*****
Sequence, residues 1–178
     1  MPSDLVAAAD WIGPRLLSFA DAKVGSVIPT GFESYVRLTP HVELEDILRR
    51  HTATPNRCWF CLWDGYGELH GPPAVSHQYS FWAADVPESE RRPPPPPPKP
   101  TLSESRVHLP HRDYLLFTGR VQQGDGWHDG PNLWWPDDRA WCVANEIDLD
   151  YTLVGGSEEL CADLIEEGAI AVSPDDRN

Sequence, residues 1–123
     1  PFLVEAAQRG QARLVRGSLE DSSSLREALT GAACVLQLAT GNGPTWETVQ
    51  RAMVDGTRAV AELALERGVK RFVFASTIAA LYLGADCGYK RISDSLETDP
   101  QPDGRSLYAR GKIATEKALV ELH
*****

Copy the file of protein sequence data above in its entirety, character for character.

Sequence, residues 1–178
     1  MPSDLVAAAD WIGPRLLSFA DAKVGSVIPT GFESYVRLTP HVELEDILRR
    51  HTATPNRCWF CLWDGYGELH GPPAVSHQYS FWAADVPESE RRPPPPPPKP
   101  TLSESRVHLP HRDYLLFTGR VQQGDGWHDG PNLWWPDDRA WCVANEIDLD
   151  YTLVGGSEEL CADLIEEGAI AVSPDDRN

Sequence, residues 1–123
     1  PFLVEAAQRG QARLVRGSLE DSSSLREALT GAACVLQLAT GNGPTWETVQ
    51  RAMVDGTRAV AELALERGVK RFVFASTIAA LYLGADCGYK RISDSLETDP
   101  QPDGRSLYAR GKIATEKALV ELH